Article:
As we discussed in Part I and Part II of our blog series entitled “5 Overlooked Grant Basics,” reviewers want proposals with well-planned, specific projects backed by solid numerical data. But what else are grant funders really looking for? These additional tips can further help you look at your proposal through the eyes of the reviewer.
- Understand the reviewers’ circumstances
Grant reviewers often receive a stack of grants to read and evaluate in a short amount of time. By the second or third grant, the words begin to blur together. Make it easy for the reviewer to see the important points of your proposal by using headlines, bullet points, graphs, pull-out quotes, etc.
- Personalize the problem you intend to solve
Just like the description of a novel, your proposal should immediately grab the attention of the reviewer. The more personal the introduction, the more likely the reviewer is to give it extra attention. A powerful statement of need is more likely to be internalized than a description of your organization.
- Weak: “XYZ Food Pantry serving Hungry County has been in operation for over eight years.”
- Strong: “More than half of the children in our community go to bed hungry.”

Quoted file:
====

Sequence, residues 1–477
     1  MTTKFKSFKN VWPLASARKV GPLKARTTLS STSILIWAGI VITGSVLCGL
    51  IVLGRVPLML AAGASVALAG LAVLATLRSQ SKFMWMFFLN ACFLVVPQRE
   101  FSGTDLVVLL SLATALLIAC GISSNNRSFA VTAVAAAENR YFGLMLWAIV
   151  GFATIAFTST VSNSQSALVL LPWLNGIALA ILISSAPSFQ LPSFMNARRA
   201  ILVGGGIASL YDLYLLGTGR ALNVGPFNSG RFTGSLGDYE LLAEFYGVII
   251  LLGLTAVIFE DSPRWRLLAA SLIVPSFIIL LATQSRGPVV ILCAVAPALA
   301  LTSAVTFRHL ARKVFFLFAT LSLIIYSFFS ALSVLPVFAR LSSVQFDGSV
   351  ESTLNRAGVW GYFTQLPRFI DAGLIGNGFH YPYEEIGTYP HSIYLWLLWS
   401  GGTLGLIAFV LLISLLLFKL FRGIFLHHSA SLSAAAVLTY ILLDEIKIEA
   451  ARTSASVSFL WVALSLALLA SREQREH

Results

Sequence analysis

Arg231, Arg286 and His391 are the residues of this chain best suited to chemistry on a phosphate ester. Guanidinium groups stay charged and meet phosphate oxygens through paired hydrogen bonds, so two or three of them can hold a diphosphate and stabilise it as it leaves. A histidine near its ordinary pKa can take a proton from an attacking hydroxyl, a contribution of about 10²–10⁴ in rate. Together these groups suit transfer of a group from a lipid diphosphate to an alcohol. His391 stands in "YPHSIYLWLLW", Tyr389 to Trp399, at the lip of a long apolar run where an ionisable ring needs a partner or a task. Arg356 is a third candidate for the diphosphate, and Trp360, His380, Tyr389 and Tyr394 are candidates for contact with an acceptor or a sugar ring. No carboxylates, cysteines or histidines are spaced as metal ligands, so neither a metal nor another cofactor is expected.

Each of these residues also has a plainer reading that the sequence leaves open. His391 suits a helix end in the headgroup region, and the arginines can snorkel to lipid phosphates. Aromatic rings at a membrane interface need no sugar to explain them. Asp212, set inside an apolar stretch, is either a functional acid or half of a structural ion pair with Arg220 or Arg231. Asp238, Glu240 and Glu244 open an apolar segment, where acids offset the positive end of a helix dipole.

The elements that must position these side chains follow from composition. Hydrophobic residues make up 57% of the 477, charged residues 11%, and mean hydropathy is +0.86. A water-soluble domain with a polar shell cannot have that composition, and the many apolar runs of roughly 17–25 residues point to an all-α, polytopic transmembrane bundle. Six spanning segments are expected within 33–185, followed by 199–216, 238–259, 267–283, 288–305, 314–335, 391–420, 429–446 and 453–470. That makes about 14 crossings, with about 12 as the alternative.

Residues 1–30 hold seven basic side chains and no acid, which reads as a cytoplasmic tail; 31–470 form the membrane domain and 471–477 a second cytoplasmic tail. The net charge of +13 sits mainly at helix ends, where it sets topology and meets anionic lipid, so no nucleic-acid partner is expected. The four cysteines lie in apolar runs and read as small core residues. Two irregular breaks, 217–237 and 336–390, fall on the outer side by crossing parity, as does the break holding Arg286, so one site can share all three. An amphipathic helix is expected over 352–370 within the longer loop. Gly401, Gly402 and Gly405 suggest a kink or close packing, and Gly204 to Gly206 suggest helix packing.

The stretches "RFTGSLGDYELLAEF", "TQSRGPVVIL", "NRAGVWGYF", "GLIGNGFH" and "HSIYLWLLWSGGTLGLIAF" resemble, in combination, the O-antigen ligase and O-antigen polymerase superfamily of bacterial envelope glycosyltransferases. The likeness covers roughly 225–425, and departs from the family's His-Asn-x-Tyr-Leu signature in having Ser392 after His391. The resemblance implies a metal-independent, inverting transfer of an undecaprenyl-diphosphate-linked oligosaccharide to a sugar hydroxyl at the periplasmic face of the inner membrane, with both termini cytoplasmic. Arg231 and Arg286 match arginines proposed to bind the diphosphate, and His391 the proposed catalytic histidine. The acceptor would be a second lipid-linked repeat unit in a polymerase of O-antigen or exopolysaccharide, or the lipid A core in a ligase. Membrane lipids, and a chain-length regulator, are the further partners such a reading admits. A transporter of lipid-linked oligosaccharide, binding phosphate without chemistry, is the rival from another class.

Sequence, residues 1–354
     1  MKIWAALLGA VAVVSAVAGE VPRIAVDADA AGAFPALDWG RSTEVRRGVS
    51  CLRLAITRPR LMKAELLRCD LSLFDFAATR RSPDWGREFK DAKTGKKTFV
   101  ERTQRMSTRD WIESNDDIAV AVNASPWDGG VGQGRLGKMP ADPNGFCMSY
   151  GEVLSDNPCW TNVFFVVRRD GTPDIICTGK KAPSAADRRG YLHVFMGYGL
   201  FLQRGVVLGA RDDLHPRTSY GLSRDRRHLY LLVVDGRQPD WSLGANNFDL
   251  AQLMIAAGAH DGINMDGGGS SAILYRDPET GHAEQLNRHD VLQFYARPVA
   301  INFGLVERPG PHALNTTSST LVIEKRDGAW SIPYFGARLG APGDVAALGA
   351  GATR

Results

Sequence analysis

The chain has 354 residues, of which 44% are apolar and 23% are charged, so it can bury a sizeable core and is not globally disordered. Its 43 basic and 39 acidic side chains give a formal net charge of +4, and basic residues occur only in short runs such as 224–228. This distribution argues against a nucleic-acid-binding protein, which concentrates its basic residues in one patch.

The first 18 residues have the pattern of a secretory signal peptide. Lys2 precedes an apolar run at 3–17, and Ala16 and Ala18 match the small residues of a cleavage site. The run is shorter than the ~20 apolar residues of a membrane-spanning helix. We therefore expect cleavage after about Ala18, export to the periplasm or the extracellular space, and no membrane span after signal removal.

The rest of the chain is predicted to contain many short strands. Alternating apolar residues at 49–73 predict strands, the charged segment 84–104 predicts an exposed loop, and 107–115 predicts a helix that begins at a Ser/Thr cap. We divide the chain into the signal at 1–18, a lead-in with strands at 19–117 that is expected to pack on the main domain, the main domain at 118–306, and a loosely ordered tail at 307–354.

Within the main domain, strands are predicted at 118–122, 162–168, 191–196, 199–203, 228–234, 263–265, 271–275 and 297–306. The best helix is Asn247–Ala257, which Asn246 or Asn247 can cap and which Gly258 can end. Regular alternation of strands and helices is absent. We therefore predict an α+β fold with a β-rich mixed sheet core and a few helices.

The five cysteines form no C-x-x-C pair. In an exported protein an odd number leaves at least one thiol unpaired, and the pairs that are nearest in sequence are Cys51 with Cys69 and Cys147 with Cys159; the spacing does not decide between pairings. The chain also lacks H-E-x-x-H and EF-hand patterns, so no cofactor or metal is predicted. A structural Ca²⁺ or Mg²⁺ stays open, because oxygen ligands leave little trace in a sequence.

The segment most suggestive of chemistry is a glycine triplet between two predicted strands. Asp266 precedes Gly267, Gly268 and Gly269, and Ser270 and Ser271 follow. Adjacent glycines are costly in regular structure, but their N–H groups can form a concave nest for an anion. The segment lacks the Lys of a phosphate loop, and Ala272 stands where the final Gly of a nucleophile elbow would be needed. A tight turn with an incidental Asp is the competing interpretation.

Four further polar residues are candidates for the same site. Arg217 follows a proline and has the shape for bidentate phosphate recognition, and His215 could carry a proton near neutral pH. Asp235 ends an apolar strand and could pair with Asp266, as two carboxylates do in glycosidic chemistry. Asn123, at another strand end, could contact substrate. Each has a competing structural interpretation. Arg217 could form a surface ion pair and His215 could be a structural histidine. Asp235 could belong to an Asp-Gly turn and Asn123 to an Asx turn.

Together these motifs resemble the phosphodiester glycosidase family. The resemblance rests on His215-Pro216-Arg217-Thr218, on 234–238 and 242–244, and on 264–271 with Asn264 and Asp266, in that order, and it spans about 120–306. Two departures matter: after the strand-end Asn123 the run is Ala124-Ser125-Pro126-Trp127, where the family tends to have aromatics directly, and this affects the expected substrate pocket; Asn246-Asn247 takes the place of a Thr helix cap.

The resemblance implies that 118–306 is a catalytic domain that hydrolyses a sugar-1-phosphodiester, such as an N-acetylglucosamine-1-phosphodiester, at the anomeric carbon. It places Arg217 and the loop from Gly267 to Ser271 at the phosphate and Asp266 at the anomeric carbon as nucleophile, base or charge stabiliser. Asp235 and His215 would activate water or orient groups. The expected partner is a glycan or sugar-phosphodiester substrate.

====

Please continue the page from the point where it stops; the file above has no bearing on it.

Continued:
- Include Both Data and Narrative Support
As covered fully in Part II of our “5 Overlooked Grant Basics,” blog series, you must describe the problem you intend to solve with hard data. But, because you don’t know if your reviewer will be left-brained or right-brained, you should include both narrative and data to appeal to all reviewers. The data should be as recent as possible, presented succinctly – preferably in an easy to read infographic—and should reinforce your narrative. Narratives should be specific, compelling, and as representative of wider demographics as possible. If there’s enough space, include a poignant quote or profile in a separate box.
- Long, flowery narratives are hard to read.
Make your key points clearly and move on. Corollary: use bullets for lists. In text, number items for ease of reading, and highlight key words or phrases in bold text.
- Create Well-Planned Budgets
The budget is an indication of how capably the organization will manage grant funds. The level of detail will demonstrate the planning the organization has invested in the program. Remember to include in-kind donations, sources of matching funds, a description of anticipated purchases, and the vendor for those purchases if available.
- Recognize the Funder
Indicate at least three ways in which you will acknowledge receipt of the grant funds. The first should be upon receipt, with formal acknowledgement and thanks for the award. The second should be regular and at key points of the project. For example, share press releases with funders, and make sure to invite them to special events. The third should be upon completion of the grant, with a final report even if not formally required. We talked about some of these points in a previous blog on Stewardship. We’ll cover the topic again in another blog in the next few months. It’s important for relationship building, which leads to repeat funding.